Enterprise architecture develops the architecture for the enterprise, right? You’d think that’s a no-brainer. Except what happens when the enterprise is so large and complex that it defies the efforts to architect it?
Federal Computer Week (FCW), 24 March 2008 reports that Dennis Wisnosky, the chief architect and chief technical officer for DoD’s Business Mission Areas states that “the Department [of Defense (DoD)] is too large an organization to attempt to encompass all of its activities in a single enterprise architecture.”
Similarly, FCW, 26 November 2007, reported that “the size of the Navy Department and the diversity of its missions make it impossible to describe the service in a single integrated architecture.”
Dennis Wisnosky goes on to say that “DoD must achieve business transformation by breaking off manageable components of an enterprise architecture rather than trying to cover everything at once…[this is how we will achieve] the goal of an enterprise architecture [which] is to guide future acquisition and implementation.”
Richard Burk, former chief architect of the Federal EA (FEA) at OMB states: “there is no practical way to create a useful architecture for a large organization. You can get an overall picture of an agency using an [enterprise architecture] of everything the agency does, but when you get down to making it operational, at that point you really need to break it down into segments, into the lines of business.”
The Navy is using the concept of segment architecture, but is calling it “architecture federation.”
Michael Jacob, the Navy’s chief technology officer, “compared the architecture effort to the development of a city plan, in which multiple buildings are built separately, but to the same set of standards and inspection criteria.”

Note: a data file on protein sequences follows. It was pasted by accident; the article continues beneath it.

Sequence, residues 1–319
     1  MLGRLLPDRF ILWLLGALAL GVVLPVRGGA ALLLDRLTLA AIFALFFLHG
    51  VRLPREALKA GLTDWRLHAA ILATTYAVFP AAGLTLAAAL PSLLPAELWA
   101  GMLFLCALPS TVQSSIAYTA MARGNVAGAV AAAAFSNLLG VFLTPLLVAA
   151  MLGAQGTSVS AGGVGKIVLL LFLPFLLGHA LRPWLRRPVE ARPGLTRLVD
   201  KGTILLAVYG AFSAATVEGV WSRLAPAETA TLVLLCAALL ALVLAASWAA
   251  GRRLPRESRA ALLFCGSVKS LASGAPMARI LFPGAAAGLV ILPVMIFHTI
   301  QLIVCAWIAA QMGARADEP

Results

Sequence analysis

Mr. Jacob continues that “our effort will allow common core architecture elements [technical standards, mission areas, business processes, and data taxonomies] to be identified so that architecture efforts can be aligned to those same standards.”
I believe that every level of an organization, including the highest level, can have a architecture, no matter what the size, and that we should tailor that architecture to the scope of the organization involved. So for an organization the mega-size of DoD, you would have very little detail in at the highest level, EA (like the FEA Practice Guidance demonstrates), but that the detail would build as you decompose to subsequent layers.
For any organization, no matter its size, every level of the architecture is important.
Within the enterprise architecture itself we need multiple views of detail. For example, from an executive view, we want and need to be able to roll up organizational information into summary “profiles” that executives can quickly digest and use to hit core decision points. At the same, time, from a mid-level manager or analyst view, we want and need to be able to drill down on information—to decompose it into models and inventory views--so that we can analyze it and get the details we need to make a rational decision.
Similarly, within the overall architecture, we need the various views of enterprise, segment, and solutions architecture. The enterprise view is looking at strategic outcomes for the overall enterprise; the segment view decomposes this into actionable architectures for the lines of business; and the solutions architecture “brings it all home” and operationalizes the architectures into actual solutions.
Just like with the profiles, models, and inventories of enterprise architecture where we can roll-up or down, the key with these various architectural levels is that there is line-of-sight from the enterprise to the segment and to the solution. The lower levels must align to and comply with the levels above. This is how we achieve integration, interoperability, standardization, and modernization.